Moving Out 2 handles players with care (but not the furniture)

SMG Studio explains how it gets everyone in on their unique brand of chaos with their inclusive approach to coop fun in Moving Out 2.
Moving Out 2 SMG Studio

Australian developer SMG Studio always wants to say yes, whether that’s to its players, its own developers, or to journalists like myself asking to talk about Moving Out 2, the sequel to the studio’s 2020 couch co-op hit about reckless removalists.

After the first game sold its brand of team-based removals to over one million players, studio co-founder Ashley Ringrose and Senior Game Designer Dave Lockman told me their sequel’s primary goal was variety. They had a lengthy list of unused ideas for new multiplayer challenges, as well the urge to add crossplay online functionality – a surprisingly demanding inclusion that forced them to rewrite their game engine to handle physics calculations server-side.

The suburban setting of Packmore and its cartoony, anything-goes logic, meant Ringrose could give the thumbs up to many imaginative new ideas. SMG added a huge number of mechanics and interdimensional realms, inviting players to pilot drones wielding wrecking balls in a futuristic cloud city, or smash through gingerbread walls in Candyland to get to the removal van.

Ringrose explained that his inability to say no is just one reason Moving Out 2 bursts at the seams with new ideas for their audience of F.A.R.T.s (that’s Furniture Arrangement & Relocation Technicians). “We’ll let the art have their thing, we’ll let the designers have their thing and then we’ll make it work, you know?” As long as it’s fun, it’s in. “I don’t think I can work on a very serious, official game because I’d feel too restricted. People would come up with good ideas and, a lot of the time, it’s just like, oh yeah, that sounds great!”

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Embracing chaos

It’s clear where the game’s endearing, goofy sense of humour comes from – Ringrose compares game design to improv comedy. The Moving Out 2 team follow the famous “yes, and” principle to help ideas develop and flourish – to hilarious effect. “I think game design and a lot of the ideas are like improv where someone says like, ‘OK, what, what about this?’ It’s like, oh, how do we add that? The best designs are always the ones where it’s like you can take that and then recontextualise it.”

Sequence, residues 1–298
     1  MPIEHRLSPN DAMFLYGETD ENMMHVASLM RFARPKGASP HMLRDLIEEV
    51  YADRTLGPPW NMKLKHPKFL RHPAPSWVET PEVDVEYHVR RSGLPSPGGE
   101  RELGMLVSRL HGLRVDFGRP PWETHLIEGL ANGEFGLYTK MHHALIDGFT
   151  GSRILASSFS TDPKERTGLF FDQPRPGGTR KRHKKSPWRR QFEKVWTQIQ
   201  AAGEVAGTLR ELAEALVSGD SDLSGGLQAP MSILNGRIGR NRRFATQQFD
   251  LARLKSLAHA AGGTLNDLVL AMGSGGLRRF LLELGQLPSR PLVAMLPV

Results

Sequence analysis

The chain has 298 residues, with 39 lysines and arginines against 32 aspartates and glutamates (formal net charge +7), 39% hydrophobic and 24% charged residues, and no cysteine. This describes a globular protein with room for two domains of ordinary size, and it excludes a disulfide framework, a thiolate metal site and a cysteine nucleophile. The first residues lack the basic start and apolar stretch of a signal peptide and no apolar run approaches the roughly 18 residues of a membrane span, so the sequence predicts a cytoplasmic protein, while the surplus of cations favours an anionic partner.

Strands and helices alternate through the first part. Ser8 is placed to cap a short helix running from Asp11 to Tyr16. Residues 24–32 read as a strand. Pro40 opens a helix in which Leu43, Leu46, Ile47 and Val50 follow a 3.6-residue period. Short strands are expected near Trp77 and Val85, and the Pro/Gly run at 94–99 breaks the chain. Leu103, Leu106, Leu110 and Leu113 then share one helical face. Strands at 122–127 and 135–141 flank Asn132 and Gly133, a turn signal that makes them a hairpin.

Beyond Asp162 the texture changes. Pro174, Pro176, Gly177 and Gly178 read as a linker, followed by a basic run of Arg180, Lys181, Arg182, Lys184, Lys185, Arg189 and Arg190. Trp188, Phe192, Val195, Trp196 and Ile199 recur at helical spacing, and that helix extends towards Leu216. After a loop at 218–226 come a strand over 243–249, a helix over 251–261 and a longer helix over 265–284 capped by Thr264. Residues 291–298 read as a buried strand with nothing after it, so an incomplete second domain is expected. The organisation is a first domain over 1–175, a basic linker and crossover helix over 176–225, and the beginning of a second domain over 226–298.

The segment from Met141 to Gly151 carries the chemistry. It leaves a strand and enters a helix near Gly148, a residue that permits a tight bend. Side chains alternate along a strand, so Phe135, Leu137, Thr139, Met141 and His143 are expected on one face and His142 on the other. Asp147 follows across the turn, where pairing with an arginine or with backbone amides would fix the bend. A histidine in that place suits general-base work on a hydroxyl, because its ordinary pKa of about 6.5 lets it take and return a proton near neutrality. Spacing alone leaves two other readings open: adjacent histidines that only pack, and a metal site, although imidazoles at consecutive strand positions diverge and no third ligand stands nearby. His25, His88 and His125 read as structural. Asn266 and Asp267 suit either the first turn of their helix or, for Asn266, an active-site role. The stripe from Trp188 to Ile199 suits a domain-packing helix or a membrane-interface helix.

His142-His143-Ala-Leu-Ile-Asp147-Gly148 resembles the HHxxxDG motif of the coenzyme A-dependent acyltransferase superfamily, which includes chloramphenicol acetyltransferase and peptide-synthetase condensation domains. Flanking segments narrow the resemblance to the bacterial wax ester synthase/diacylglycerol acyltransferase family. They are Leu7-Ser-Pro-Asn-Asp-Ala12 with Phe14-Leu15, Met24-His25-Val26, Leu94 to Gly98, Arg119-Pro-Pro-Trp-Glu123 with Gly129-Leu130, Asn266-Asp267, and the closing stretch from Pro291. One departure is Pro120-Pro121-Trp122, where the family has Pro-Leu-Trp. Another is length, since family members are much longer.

His example is one of the first game’s greatest, vandalistic joys, the reckless window-smashing players do in the process of moving out. (Who cares about windows? Insurance will cover it!) Naturally, they leaned into it: “How do we enable more people to smash stuff in this game?”

The designers thought a wrecking ball was a fun method to start smashing walls, as well as windows. So their artists came up with Snackmore’s gingerbread walls, ready to crush into a shower of crumbs.

Image: SMG Studio

It’s a seemingly simple destructive act, but when the designers had to ask how to smash a wall, it got more complicated. Throwing a wrecking ball was a single-player action. They wanted to encourage teamwork. The solution was combining it with another mechanic from the future levels, “What if we put a wrecking ball on a drone?” The trademark back and forth of improv fostered the creation of a flexible mechanic that can be used repeatedly. “They’re great, because one idea spreads to five to six different things. It’s emergent design.”

Another mechanic, a hamster wheel where one player needed to run on the spot to power doors and move objects, failed the fun test. It got a rare “no” from Ringrose. To guide them away from the busybody tedium of simulation, Ringrose said they ask one question to anything they think about adding to their game: “Does it embrace chaos?”

Moving Out doesn’t have to be hard

As Lockman explains, the studio designs its sandbox levels for players to have boundless options to find their own way, while wrestling with deliberately clumsy physics. But that doesn’t mean they don’t have fun with crafty item placement to cause maximum mess, always making sure to balance smaller objects around whatever the player needs to reach, primed to topple all over the place. And they always want to help players pull off the most outlandish trickshots, by liberally distributing bouncepads and other zany ways for players to load their vans in style.

Image: SMG Studio

As designers, they need to be careful not to have too much fun. Lockman remembers a studio bet, where lunch was on him if anyone beat a level he’d made, turning into the development of multiple ultra-hard levels before they stopped and realised, “What’s the point in putting really hard levels in a Moving Out game?” For all his respect and affection for difficult games, including tricky platformers he’d worked on, it didn’t fit their easygoing design goals. “We made them easier because we wanted people to have fun. We didn’t want people to start them, and just quit.”

What the team wanted to create with Moving Out 2 was non-stop variety. Sequences of unexpected new situations that keep players on their toes, whether that’s gumball basketball score attacks or navigating through bookcases of magical spellbooks, or even a crafty new camera angle to make a level feel fresh – never a skill-testing difficulty curve.